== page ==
The fees of JNU is not increasing from Rs 10 to Rs 300 per month, it was always Rs 2, 500 per month for mess facilities and is being increased to Rs 6, 000. Honestly, that is not even the issue, the bigger issue is – why should higher education be expensive in public-funded universities? These are the only few places where students from across the country, irrespective of their economic background can come and study – why increase their fee? Isn’t the most effective and useful way in which the taxpayer’s money can be used in – Education?

India spends a minuscule 2.7% of its GDP on education, while most developing and developed countries tend to spend anything between 4-7% on education. I am a taxpayer and I am more than happy to contribute to education and health, these are the two most essential backbones of our country. If we tend to increase the fee of our government institutions then the inequality in the country will increase further. Education remains the only way through which the trap that poverty has, over people and families, can be broken; if education is inaccessible, then poverty and inequality will become the norm.

The increasing inequality in the country is already taking its toll, and if this ratio becomes bigger then there is no turning back for the country. The dream of Gandhi, of Tagore, of Nehru and of B.R Ambedkar would never become a reality. If you want to live in such a country, then criticise the protests and the university, if not, then understand what is at stake and #StandwithJNU.

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An ambassador and trained facilitator under Eco Femme (a social enterprise working towards menstrual health in south India), Sanjina is also an active member of the MHM Collective- India and Menstrual Health Alliance- India. She has conducted Menstrual Health sessions in multiple government schools adopted by Rotary District 3240 as part of their WinS project in rural Bengal. She has also delivered training of trainers on SRHR, gender, sexuality and Menstruation for Tomorrow’s Foundation, Vikramshila Education Resource Society, Nirdhan trust and Micro Finance, Tollygunj Women In Need, Paint It Red in Kolkata.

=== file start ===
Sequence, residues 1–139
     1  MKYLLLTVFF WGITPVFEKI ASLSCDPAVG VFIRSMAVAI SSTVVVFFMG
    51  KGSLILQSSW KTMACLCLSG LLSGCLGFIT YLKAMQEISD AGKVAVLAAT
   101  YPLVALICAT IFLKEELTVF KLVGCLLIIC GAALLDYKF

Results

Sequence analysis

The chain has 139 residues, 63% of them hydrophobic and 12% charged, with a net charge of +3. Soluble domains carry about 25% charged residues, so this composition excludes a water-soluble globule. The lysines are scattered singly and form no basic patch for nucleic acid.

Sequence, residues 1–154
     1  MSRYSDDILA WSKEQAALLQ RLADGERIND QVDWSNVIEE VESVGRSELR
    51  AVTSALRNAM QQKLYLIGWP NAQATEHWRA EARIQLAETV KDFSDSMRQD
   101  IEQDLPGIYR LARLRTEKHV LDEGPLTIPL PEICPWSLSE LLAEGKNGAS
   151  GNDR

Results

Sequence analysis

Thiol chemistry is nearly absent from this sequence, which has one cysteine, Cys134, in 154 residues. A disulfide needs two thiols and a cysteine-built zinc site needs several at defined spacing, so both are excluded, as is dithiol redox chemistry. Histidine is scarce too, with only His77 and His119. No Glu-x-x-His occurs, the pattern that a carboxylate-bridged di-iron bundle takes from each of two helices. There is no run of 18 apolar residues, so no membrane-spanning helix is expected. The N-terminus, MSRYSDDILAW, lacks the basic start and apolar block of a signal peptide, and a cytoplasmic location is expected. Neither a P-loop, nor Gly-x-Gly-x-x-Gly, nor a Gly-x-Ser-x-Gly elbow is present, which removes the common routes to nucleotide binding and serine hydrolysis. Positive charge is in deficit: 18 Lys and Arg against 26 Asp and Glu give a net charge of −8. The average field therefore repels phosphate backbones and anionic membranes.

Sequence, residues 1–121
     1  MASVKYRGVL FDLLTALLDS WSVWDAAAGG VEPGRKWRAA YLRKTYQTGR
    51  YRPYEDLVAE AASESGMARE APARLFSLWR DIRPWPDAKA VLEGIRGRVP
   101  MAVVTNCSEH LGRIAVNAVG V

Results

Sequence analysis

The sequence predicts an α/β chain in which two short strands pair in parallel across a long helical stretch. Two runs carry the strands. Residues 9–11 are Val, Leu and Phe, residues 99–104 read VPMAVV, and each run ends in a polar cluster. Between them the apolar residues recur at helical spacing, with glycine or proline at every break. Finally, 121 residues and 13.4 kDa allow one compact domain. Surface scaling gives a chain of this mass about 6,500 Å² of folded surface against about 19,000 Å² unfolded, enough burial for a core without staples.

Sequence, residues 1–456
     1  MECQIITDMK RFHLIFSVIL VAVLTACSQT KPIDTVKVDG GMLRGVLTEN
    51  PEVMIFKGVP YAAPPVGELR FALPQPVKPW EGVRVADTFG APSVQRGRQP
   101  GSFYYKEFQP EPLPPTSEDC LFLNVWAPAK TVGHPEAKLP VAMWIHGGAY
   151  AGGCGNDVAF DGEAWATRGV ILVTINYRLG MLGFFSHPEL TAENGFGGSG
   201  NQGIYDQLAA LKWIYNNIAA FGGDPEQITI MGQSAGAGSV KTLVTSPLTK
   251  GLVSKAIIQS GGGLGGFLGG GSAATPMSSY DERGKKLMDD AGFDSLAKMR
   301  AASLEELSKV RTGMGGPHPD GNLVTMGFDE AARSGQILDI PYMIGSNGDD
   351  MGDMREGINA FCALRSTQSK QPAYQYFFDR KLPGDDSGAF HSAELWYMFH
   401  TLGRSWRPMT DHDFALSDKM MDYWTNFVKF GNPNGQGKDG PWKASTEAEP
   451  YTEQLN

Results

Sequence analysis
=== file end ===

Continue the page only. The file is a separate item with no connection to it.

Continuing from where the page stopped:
Now as an MH Fellow with YKA, she’s expanding her impressive scope of work further by launching a campaign to facilitate the process of ensuring better menstrual health and SRH services for women residing in correctional homes in West Bengal. The campaign will entail an independent study to take stalk of the present conditions of MHM in correctional homes across the state and use its findings to build public support and political will to take the necessary action.

Saurabh has been associated with YKA as a user and has consistently been writing on the issue MHM and its intersectionality with other issues in the society. Now as an MHM Fellow with YKA, he’s launched the Right to Period campaign, which aims to ensure proper execution of MHM guidelines in Delhi’s schools.

The long-term aim of the campaign is to develop an open culture where menstruation is not treated as a taboo. The campaign also seeks to hold the schools accountable for their responsibilities as an important component in the implementation of MHM policies by making adequate sanitation infrastructure and knowledge of MHM available in school premises.

Read more about his campaign.

Harshita is a psychologist and works to support people with mental health issues, particularly adolescents who are survivors of violence. Associated with the Azadi Foundation in UP, Harshita became an MHM Fellow with YKA, with the aim of promoting better menstrual health.

Her campaign #MeriMarzi aims to promote menstrual health and wellness, hygiene and facilities for female sex workers in UP. She says, “Knowledge about natural body processes is a very basic human right. And for individuals whose occupation is providing sexual services, it becomes even more important.”

Meri Marzi aims to ensure sensitised, non-discriminatory health workers for the needs of female sex workers in the Suraksha Clinics under the UPSACS (Uttar Pradesh State AIDS Control Society) program by creating more dialogues and garnering public support for the cause of sex workers’ menstrual rights. The campaign will also ensure interventions with sex workers to clear misconceptions around overall hygiene management to ensure that results flow both ways.

Read more about her campaign.

MH Fellow Sabna comes with significant experience working with a range of development issues. A co-founder of Project Sakhi Saheli, which aims to combat period poverty and break menstrual taboos, Sabna has, in the past, worked on the issue of menstruation in urban slums of Delhi with women and adolescent girls. She and her team also released MenstraBook, with menstrastories and organised Menstra Tlk in the Delhi School of Social Work to create more conversations on menstruation.

With YKA MHM Fellow Vineet, Sabna launched Menstratalk, a campaign that aims to put an end to period poverty and smash menstrual taboos in society. As a start, the campaign aims to begin conversations on menstrual health with five hundred adolescents and youth in Delhi through offline platforms, and through this community mobilise support to create Period Friendly Institutions out of educational institutes in the city.

Read more about her campaign.